Kemp: US Shale Breakeven Price Revealed Around $50
(John Kemp is a Reuters market analyst. The views expressed are his own)
LONDON, Aug 9 (Reuters) - U.S. shale producers need a WTI oil price around $50 per barrel to break even, according to an analysis of financial statements for the second quarter.
Fifteen of the largest shale oil and gas producers reported total net losses of $470 million for the three months between April and June when benchmark WTI prices averaged $48.
Total losses were down from $3.7 billion in the first three months of the year and $7.4 billion in the same period in 2016, according to earnings statements published in the last week (http://tmsnrt.rs/2ftmgnd).
Nine of the companies in the sample reported positive net income in the second quarter, down from 10 in the first quarter, but well up from none in the same period last year.
Shale companies have staunched the losses thanks to a combination of cost cutting, improved efficiency and the rise in oil prices.
But there is considerable controversy about how high prices need to be for shale producers to cover all their costs and earn a return for their investors.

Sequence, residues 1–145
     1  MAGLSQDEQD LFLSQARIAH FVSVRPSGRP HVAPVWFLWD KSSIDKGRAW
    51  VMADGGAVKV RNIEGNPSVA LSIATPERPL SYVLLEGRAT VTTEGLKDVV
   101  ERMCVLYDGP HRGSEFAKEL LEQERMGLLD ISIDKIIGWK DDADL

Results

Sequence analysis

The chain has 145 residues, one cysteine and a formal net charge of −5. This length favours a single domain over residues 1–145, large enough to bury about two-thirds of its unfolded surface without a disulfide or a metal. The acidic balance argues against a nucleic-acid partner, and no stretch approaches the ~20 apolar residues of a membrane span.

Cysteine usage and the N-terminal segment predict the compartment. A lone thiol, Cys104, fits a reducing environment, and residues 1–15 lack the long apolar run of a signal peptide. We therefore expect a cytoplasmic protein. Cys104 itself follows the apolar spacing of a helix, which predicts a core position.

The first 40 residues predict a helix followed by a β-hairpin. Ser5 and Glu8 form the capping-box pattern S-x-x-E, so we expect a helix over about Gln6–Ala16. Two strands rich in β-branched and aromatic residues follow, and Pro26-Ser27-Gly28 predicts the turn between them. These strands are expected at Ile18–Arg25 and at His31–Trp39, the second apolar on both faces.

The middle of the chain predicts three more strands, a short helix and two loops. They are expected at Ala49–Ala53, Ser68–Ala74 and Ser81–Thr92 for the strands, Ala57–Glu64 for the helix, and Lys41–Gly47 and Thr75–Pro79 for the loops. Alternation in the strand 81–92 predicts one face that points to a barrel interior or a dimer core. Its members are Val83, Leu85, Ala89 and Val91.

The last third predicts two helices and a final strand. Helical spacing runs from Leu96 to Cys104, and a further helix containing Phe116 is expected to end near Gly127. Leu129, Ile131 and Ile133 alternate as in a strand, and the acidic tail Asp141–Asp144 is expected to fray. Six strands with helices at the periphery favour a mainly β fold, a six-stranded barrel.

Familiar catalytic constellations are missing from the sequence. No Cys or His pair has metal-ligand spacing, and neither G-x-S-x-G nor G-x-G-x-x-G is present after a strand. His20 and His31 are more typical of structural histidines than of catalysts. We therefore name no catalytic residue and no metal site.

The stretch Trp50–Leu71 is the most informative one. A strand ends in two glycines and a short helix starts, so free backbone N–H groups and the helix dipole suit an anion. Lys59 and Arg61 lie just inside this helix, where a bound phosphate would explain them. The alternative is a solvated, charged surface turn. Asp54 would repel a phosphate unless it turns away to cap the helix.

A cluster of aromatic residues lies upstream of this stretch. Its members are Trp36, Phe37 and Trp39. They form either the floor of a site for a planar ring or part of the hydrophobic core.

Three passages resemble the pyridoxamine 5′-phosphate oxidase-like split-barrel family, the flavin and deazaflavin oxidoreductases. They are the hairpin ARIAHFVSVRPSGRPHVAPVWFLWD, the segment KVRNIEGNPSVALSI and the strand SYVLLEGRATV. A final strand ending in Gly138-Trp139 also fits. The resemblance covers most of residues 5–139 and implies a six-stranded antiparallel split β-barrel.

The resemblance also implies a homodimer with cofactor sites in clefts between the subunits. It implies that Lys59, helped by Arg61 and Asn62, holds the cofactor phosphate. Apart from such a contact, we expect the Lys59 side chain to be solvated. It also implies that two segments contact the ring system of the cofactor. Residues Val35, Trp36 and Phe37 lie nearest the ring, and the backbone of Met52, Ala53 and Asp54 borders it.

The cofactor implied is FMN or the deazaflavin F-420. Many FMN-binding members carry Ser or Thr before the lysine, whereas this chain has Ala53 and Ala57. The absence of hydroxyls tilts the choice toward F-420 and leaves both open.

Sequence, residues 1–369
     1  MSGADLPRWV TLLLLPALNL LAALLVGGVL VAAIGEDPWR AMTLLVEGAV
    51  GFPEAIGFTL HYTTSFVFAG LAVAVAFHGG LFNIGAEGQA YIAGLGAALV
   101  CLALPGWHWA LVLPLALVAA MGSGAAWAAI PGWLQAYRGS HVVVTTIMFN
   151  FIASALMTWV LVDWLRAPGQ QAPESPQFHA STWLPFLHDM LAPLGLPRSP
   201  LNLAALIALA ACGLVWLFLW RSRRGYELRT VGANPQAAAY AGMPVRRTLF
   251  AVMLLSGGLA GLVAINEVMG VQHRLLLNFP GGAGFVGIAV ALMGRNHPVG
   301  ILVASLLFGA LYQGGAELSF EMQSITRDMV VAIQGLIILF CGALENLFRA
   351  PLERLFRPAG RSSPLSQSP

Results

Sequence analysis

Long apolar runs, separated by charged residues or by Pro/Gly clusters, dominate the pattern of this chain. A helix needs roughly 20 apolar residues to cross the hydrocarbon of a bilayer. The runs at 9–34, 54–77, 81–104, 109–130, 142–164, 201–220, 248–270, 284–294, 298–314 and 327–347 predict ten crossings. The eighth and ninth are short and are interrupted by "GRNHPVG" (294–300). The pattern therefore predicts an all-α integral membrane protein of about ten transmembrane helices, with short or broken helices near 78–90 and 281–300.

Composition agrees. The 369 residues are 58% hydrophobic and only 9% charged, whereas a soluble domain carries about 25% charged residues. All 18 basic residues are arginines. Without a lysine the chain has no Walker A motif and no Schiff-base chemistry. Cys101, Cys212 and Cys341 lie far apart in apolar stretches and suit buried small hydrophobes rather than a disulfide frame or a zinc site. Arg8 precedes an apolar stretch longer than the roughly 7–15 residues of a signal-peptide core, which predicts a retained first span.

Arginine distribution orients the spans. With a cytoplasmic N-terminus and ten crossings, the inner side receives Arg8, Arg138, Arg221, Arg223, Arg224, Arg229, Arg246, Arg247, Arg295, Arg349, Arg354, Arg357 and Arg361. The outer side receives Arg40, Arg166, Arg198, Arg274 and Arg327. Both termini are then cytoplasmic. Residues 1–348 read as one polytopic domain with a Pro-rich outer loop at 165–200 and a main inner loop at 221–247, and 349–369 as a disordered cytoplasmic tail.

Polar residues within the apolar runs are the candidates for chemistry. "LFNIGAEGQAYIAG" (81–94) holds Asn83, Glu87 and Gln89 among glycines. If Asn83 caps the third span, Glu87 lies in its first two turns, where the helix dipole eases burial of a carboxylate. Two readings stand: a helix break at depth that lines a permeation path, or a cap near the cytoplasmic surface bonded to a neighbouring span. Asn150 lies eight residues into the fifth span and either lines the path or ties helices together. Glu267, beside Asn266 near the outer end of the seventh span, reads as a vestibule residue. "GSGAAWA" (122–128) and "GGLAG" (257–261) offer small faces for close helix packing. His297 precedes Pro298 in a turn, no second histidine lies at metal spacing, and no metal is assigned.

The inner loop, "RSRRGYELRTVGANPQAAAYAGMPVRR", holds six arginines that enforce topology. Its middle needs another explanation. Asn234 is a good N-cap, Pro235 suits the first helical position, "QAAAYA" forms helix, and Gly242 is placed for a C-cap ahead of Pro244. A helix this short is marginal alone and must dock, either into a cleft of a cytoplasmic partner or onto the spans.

Some firms claim they can break even and even make large profits with benchmark WTI prices below $50 or even $40 per barrel.
It remains unclear if these figures apply to full lifecycle costs (including overheads) and all the parts of all the shale plays (or just the most productive sweet spots).
However, Harold Hamm, chief executive of Continental Resources, a large shale producer in North Dakota and Oklahoma, has said prices need to be above $50 to be sustainable.
Prices below $40 would cause drillers to idle rigs again, Hamm said in a television interview earlier this summer ("Harold Hamm warns oil prices below $40 will idle U.S. drilling", CNBC, June 28).
Following a cyclical downturn between the middle of 2014 and the middle of 2016, the oil market has discovered the breakeven price for the U.S. shale sector.
Some shale producers have lower breakeven prices than the average, and some higher, but the sector as a whole seems to need around $50 to grow production profitably.
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